Steve McQueen, Ashes, 2014.

Artsy / Kate Steciw // April 3rd 2015

Hiwa K., The Bell, video installation, 2015 (photo Alex John Beck)

The fact that globalization of markets and finance exponentially boosted multinational revenues and inequality alike. And the exportation of western civilization through colonization meant that also on other continents the western mode of exploitation was imposed, together with, later, the faulty modes of capitalism via developmental aid and IMF loans. The western discourse has been that of civilization, exporting it to other countries by force mainly – from colonization to invasion – which then would also indicate an exportation of means of measurement methods and the related inequality. Obama in this sense was smoother than Bush, as he recently was able to export the American economic system via politics, to Iran and Cuba – instead of via mere violence to Iraq or Afghanistan. This idea also contained a temporal element, indicating that being uncivilized would mean a lack of civilization and modernity (modern means) that could be only acquired over time – by a process of education and thereby civilization. In a philosophical sense Modern would mean some point after Descartres – his Cartesian notion was the moment Modernity started. His world was highly individual (I think therefor I am) and rational-mathematics-based. These two aspects fit exactly with the capitalistic rhetoric that has to do with personal achievements on basis of rational decision making. The fact that Enwezor provides the works of Hans Haacke and his manner of measuring the political ideas of MoMA visitors (MoMA Poll, 1970) in his works relates to both thinking and measuring of individuals. The question asked by Haacke critiqued both the institution as well as the nation’s politics, via the same person. The entanglement of the two is an important aspect that was addressed in the Biennial in general. At the same time Haacke of course also severely critiqued the mode d’emploi of multinationals in his MetroMobiltan piece – critiquing oil company Mobil for the trading with the Apartheid Regime and the fact that benefiting from, and contributing to the killing of the rightful population of a country does not exclude the possibility of sponsoring the arts.


Hans Haacke, Blue Sail 1964-1965.

In 1989, Francis Fukuyama pronounced the end of history. His appraisal proved him to have his back towards the future too: he stated that all developments would now end in a global democratic, liberal and capitalistic utopia. However, new unexpected trembles came, balances shifted, and armed conflicts arose – despite all the positive foresights and expectations. The first pages of the Documenta 11 catalogue show the outcome of the trembles. But nothing is permanent. If we consider the fact that the person who is responsible for connecting the east and west coast of the United States, by providing the steel needed, wanted to use his gained wealth to make the world a peaceful place, a positive stance might be a liability. Via his metals, markets and connections mister Carnegie gave back by contributing to the constructing of four buildings dedicated to knowledge and peace – of which the Peace Palace in The Hague is one. However his philanthropy is much appreciated, it was not enough to steer the future towards peace and prosperity for all. Still his exempel is a nobel one. Alike Enwezor he strived to make the world more multiplicit and inclusive by showing beauty in the rubble, making statements in between motives and provide wealth in multitude. Both persons, in that sense understood Karl Popper when he said “The possibilities that lie in the future are infinite. When I say ‘It is our duty to remain optimists’ this includes not only the openness of the future but also that which all of us contribute to it by everything we do: we are responsible for what the future holds in store. Thus it is our duty, not to prophesy evil but, rather, to fight for a better world.”(The Myth of the Framework, 1994).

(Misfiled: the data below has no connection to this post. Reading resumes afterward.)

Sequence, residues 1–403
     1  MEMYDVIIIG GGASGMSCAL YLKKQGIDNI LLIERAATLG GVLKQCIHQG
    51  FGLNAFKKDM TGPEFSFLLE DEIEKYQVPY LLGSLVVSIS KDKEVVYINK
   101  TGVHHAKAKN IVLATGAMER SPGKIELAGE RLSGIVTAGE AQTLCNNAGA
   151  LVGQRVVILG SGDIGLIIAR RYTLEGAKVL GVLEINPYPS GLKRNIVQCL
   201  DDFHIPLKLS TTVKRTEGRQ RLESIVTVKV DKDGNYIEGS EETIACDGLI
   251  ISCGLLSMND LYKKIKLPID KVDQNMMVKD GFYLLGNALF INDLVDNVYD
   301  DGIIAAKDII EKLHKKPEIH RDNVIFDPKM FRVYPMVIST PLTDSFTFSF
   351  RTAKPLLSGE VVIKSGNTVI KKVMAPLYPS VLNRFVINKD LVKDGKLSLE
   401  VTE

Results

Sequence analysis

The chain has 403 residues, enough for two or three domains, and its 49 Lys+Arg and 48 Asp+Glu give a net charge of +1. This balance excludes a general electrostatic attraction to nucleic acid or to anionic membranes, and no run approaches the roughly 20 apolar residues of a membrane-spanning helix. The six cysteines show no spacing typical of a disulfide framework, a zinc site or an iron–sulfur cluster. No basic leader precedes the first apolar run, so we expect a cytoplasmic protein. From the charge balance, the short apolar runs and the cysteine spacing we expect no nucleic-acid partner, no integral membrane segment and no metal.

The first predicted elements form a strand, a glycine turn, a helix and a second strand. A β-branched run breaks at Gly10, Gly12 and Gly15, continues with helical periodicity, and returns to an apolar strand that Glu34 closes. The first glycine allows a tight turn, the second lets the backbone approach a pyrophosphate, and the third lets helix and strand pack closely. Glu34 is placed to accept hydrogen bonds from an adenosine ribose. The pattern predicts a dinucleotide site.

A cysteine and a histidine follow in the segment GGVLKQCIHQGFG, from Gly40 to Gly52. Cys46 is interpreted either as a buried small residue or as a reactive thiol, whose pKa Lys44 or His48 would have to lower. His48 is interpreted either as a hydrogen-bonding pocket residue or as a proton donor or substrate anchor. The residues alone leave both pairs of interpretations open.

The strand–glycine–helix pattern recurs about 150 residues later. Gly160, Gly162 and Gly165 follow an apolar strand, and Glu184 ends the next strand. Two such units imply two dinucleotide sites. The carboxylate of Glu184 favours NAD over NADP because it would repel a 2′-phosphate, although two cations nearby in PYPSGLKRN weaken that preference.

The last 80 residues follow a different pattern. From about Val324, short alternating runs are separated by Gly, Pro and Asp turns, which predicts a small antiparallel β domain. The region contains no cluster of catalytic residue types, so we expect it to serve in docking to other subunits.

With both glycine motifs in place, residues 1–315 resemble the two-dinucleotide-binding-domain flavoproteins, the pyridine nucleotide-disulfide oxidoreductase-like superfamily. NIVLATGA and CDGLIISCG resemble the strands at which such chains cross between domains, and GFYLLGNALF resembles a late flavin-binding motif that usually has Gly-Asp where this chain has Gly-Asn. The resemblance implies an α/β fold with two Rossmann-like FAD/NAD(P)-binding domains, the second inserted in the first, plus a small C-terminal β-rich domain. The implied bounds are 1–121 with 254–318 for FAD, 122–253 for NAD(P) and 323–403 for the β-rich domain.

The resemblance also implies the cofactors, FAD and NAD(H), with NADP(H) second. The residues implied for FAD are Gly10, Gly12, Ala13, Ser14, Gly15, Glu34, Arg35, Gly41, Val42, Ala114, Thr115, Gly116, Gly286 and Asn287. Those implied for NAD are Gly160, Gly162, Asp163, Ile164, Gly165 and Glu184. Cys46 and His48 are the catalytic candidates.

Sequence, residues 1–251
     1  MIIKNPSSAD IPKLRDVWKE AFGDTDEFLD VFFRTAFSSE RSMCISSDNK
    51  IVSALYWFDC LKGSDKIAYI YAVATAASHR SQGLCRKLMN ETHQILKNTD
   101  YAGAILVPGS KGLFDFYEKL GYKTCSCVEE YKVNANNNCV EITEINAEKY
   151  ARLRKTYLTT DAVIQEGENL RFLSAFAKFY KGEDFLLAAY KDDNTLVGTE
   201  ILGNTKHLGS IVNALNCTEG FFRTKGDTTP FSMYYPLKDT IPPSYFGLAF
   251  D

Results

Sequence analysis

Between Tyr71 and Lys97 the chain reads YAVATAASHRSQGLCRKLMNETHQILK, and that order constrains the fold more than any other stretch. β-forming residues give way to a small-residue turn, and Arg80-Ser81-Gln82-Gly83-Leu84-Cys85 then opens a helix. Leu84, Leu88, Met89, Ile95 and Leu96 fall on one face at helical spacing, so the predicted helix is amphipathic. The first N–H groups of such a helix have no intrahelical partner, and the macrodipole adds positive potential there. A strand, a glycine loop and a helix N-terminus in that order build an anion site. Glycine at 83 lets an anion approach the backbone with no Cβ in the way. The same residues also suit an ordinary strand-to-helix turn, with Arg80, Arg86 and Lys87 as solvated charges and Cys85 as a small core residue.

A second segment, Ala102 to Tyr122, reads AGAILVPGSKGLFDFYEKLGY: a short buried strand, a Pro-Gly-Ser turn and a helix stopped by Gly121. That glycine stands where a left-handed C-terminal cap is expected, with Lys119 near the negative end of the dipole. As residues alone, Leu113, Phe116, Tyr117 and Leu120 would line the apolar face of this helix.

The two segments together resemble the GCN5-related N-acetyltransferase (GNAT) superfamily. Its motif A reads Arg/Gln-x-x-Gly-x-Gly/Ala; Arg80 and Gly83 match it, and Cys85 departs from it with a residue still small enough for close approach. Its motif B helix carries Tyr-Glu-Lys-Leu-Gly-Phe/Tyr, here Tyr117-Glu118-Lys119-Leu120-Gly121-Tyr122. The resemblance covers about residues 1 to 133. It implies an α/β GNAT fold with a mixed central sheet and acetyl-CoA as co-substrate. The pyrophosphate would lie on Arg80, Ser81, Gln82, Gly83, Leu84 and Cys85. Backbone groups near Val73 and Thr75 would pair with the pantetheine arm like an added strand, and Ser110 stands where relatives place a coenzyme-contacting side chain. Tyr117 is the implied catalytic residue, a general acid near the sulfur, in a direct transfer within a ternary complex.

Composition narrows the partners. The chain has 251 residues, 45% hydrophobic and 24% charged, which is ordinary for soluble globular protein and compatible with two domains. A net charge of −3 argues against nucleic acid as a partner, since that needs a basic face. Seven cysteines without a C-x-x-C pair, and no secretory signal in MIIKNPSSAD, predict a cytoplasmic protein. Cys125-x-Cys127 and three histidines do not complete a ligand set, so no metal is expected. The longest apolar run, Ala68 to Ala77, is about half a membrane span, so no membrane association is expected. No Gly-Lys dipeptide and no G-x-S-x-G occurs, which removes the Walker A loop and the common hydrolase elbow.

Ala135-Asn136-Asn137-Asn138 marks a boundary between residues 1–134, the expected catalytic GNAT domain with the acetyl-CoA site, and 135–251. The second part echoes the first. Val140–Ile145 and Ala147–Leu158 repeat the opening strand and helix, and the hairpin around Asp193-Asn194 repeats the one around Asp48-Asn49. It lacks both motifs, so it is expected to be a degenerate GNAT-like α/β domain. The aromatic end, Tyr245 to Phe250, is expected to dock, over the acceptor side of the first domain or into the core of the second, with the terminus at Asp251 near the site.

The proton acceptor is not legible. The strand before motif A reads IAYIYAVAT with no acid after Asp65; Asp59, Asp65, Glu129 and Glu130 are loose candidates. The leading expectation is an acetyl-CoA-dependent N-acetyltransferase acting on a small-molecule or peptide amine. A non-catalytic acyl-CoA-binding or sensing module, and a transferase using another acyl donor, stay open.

Vincent van Velsen (1987) is an autonomous critic, writer, researcher and curator with a background in international business administration, art- and architectural history. His practice deals with a broad spectrum of subjects, ranging from politics and philosophy to art and architecture relating to their theoretical realm in ways that are relevant to.